The theme of this series explores items that have become so integrated into our lives that we barely notice them; yet have completely transformed how we live. The first item in the series was the elevator—try to imagine modern high-rise cities without them. The second item was the pre-printed adhesive postage stamp—try to imagine sending and receiving letters and other things through public postal services without them. The third item was going to be about money, specifically the credit card. This little bit of plastic ensures we always have access to money to buy virtually anything we want virtually anywhere in the world. Continue reading Extraordinary Ordinary Things: Money Moves
“Please Mr. Postman” (The Marvelettes) and “Return to Sender” (Elvis Presley) were two major pop hits of the 1960s. Among many others songs, they tell the story of young lovers desperately trying to communicate with the object of their affection via hand-written and posted letters.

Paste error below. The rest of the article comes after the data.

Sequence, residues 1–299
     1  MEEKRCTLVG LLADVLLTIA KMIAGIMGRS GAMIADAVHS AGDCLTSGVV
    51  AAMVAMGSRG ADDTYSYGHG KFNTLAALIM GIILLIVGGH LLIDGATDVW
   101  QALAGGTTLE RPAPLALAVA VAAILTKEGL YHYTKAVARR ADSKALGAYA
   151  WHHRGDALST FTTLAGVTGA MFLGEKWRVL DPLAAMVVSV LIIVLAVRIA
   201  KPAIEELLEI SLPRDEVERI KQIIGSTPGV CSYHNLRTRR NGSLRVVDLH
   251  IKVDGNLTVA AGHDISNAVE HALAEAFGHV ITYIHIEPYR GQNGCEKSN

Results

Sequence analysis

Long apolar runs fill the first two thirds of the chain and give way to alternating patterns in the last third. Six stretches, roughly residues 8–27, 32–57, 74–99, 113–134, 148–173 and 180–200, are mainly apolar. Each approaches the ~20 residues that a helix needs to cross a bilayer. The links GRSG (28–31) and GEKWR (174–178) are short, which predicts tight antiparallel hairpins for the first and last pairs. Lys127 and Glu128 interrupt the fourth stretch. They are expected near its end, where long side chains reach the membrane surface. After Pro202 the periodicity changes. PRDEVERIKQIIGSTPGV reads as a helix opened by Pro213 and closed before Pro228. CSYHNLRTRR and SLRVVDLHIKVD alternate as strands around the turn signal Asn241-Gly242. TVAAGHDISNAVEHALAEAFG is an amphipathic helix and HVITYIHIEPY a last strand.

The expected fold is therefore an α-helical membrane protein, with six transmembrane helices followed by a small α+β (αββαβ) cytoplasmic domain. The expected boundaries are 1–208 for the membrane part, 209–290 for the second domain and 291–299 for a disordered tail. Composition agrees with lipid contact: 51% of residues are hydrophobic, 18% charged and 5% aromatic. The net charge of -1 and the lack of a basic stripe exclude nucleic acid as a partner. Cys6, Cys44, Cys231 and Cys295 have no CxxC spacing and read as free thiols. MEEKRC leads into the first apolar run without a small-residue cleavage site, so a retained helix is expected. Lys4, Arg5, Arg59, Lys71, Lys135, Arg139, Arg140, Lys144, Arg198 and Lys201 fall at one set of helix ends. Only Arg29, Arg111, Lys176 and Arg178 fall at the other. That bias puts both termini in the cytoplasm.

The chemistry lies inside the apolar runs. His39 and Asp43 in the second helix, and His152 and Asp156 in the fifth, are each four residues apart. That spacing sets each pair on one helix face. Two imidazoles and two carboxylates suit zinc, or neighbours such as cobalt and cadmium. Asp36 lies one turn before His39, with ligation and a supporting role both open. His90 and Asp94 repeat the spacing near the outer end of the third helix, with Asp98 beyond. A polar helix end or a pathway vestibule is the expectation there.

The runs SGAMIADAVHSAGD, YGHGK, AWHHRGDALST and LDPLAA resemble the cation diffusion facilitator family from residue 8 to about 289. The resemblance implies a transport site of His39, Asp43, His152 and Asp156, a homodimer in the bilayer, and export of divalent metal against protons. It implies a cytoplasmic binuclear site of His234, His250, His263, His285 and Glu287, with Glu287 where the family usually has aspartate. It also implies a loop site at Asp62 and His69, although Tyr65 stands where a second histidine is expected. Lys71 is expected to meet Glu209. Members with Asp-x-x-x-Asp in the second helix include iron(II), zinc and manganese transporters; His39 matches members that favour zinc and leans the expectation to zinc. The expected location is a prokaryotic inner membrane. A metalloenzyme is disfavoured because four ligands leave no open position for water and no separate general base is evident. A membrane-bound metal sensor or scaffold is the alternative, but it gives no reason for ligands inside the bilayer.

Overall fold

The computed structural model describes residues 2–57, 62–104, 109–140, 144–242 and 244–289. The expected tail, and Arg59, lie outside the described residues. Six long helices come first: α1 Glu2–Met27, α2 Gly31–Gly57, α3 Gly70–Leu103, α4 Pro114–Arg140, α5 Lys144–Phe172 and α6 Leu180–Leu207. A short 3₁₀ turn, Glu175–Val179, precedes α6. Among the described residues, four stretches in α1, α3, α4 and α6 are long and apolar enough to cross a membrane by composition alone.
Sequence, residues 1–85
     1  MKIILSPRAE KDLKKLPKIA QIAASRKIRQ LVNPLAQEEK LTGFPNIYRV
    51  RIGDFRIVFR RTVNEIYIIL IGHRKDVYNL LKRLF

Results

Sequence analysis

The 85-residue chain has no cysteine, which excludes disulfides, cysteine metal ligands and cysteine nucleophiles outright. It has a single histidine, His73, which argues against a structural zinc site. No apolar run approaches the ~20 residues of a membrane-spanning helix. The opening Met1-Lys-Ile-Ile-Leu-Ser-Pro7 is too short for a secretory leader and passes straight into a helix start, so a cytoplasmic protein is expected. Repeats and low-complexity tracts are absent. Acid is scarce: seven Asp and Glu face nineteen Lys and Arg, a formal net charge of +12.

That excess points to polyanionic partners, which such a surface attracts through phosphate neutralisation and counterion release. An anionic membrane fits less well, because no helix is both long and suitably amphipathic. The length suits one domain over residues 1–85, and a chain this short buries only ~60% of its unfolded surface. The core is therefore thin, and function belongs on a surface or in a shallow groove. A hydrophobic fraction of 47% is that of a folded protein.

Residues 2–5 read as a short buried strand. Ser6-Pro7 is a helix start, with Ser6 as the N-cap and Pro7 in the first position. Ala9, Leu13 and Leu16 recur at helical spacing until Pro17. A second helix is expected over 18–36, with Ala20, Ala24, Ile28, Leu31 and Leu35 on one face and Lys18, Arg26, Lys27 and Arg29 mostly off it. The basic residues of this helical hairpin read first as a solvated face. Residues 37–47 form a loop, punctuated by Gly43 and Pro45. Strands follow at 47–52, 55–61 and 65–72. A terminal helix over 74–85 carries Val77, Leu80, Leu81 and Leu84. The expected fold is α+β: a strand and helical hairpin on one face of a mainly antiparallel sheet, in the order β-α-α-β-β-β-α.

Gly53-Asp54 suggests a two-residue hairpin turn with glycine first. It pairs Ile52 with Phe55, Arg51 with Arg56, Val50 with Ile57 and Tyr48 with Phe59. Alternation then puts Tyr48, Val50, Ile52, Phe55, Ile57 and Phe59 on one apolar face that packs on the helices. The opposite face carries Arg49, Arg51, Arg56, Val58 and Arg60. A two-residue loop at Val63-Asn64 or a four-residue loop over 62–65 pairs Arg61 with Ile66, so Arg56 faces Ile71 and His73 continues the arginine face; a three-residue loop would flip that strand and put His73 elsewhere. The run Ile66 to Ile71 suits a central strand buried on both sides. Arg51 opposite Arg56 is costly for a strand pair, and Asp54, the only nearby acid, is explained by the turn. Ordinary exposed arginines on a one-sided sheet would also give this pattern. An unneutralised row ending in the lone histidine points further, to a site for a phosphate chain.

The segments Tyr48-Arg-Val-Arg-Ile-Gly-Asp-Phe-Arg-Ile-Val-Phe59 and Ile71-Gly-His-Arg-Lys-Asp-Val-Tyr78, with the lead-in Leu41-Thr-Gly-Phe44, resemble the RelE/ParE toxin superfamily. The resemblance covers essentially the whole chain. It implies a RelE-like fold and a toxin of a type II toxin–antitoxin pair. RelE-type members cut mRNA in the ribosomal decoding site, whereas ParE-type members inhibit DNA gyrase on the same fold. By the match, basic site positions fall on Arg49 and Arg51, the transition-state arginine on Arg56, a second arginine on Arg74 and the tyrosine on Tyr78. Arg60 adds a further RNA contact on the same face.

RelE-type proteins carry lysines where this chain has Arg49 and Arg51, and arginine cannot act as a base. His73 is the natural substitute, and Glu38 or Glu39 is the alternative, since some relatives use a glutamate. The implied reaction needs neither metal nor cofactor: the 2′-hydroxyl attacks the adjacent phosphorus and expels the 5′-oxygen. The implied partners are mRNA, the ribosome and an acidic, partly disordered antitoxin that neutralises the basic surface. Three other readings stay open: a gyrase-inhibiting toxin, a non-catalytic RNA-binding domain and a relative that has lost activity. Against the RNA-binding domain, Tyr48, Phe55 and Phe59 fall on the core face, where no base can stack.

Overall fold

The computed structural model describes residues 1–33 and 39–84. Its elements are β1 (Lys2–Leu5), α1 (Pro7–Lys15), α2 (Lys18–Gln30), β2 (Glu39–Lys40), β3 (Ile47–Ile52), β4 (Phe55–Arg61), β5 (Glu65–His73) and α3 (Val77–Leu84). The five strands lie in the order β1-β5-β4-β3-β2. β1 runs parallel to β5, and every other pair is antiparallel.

There’s a widely accepted principle about technology adoption. When a new technology is introduced, people are aware of it and learn how to use it. After a while, people come to embody the practices of using it well and are no longer aware of it. It is just part of our world. We no longer notice how we ever lived without it. Some say this principle is characteristic of the computer age. However, this did not originate with computers. It has always been the case with revolutions in daily life. Those who see the revolution taking place are unlikely ever to forget it. Those who see only the effects of the revolution often don’t fully recognize and appreciate it. I call examples of this phenomenon “extraordinary ordinary things.” For me, the most undervalued extraordinary ordinary thing is the elevator. Continue reading The Elevator—Extraordinary Ordinary Things